As we happily lugged a stack of books through the front office on our way to the library, the adults were acting strange. Roz — our receptionist, who remained calm in the face of anything – was crying. Ruth — our principal, a renowned motor-mouth — stood silent. Libby — our music teacher, who annoyed us with her constant singing — sat mute. Connie and I exchanged a grown-ups-are-weird look, and continued on our mission. As we left, Ruth whispered something to Roz, who covered her face with her hands.

“Did Ruth whisper someone was absent?” I asked.

“I think so,” Connie began to skip.

“The only one absent from our class today was Alan.”

Afternoon carpool was uneventful. Brian stared out the window. Julie crunched potato chips. Eddie sang a round, chasing himself in musical circles. My brother, 2 years younger, mentioned he needed a new square-dance partner because Debbie was absent.

I looked up. “That’s Alan’s sister. He wasn’t in school either.”

As soon as my brother and I opened the front door, we knew something was extremely wrong. My father was ashen, my mother in tears. They sat us down and spoke tenderly, knowing their children’s world was about to crash. That morning, Debbie and Alan’s father had shot his wife, then his children, then himself.

My family talked for a long time. My brother had recently been to Debbie’s birthday party, and met their father. I asked if he was “mean.” My brother thought carefully. “No, it was more like he just didn’t care.” I wondered how much someone needed to “just not care” to murder his family.

Now, decades later, since the massacre in the Orlando nightclub, I find myself thinking of Alan and Debbie. I wish I could tell them that I’m sorry their lives were cut short, and that their deaths were so harsh. I’m sorry their dad “just didn’t care” enough to reign in his worst self. I’m sorry their community didn’t realize they needed protection.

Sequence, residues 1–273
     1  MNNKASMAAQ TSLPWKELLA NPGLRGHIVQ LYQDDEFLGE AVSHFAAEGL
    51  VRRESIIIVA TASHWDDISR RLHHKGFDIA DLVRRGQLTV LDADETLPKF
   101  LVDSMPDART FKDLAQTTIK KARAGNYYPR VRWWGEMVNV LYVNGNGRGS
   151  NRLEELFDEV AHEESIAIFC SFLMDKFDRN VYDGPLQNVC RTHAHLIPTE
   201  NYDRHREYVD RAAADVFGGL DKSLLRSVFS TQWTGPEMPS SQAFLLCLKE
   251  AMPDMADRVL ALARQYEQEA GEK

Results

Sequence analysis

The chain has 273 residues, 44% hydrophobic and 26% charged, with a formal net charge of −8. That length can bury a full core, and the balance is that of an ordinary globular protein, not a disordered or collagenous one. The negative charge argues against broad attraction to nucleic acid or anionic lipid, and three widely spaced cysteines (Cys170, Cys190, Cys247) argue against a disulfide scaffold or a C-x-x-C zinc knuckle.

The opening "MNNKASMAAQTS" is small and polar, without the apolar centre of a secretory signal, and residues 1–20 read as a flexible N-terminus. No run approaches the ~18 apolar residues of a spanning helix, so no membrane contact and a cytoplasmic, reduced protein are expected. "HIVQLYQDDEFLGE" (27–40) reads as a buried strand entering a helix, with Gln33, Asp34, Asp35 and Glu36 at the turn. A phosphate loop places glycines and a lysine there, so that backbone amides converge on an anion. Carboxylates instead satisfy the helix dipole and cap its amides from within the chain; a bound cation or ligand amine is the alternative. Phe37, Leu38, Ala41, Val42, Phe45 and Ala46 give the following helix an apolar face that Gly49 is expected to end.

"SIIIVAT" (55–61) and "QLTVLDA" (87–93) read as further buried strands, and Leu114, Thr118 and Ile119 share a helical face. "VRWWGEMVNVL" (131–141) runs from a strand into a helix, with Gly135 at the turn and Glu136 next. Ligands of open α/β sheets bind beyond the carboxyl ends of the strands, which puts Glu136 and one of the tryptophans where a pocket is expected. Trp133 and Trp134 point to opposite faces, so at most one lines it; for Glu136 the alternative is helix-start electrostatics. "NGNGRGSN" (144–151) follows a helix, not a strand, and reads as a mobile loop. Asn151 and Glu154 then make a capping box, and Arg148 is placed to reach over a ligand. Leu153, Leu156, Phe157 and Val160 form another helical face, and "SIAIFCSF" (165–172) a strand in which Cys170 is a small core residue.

I wish I could speak to the victims in Orlando, and the survivors as well. I wish I could tell them I’m sorry that some people are so filled with rage, so emotionally blunted that they could commit this hate crime. I’m sorry that some people have such a long way to go in understanding that LGBTQ+ is simply a part of the spectrum of normal. I’m sorry that some view Latino heritage as anything other than enriched and enriching for our entire country.

I’ve also been thinking about the Saturday after September 11, 2001. The World Trade Center was down, death toll rising, rescuers pouring into Manhattan to perform acts of courage that would go down in history. I was living in Northern California, and had never been involved in organized religion. But all three of my children wanted to explore their Jewish heritage, so I found myself sitting in synagogue, listening to the head rabbi’s drash (rhymes with wash, a Hebrew word, a comment on scripture). To my surprise, the rabbi didn’t talk. Instead, he sang the entire drash. He paced as he improvised his song of sadness, anger, hope — a quiet dirge as he tried to comprehend the incomprehensible. Somehow his drash made sense.

Since the Orlando murders, I’ve spent days trying to formulate my thoughts, preparing to write this post. But now I’m wondering if I should approach this piece differently. As I grieve in the wake of a terrible wrong, maybe I shouldn’t strive for wisdom. Perhaps in this circumstance, writing with balance and eloquence isn’t important.

Instead, maybe I’ll pace and bring forward my own improvisational dirge of sadness, anger, hope. In this moment, trying to comprehend the incomprehensible, perhaps somehow that will make sense.

___

Amy Kaufman Burk is a novelist, blogger and mother of three grown children. Amy wrote her first novel, Hollywood High: Achieve The Honorable, in reaction to seeing gay students bullied in high school. Her second novel, Tightwire, follows a rookie psychology intern through her first year of training. Amy blogs on a variety of subjects including parenting, LGBTQ+ ally support, gender equality and a Rolling Stones concert. Amy also collaborates with educators who use her books in their curriculum. 

Amy’s Author Page On Amazon

https://www.amazon.com/Amy-Kaufman-Burk/e/B00R0S66Y4

Leave a comment

Filed under Grieving, hate crimes, LGBT, Orlando Massacre, Uncategorized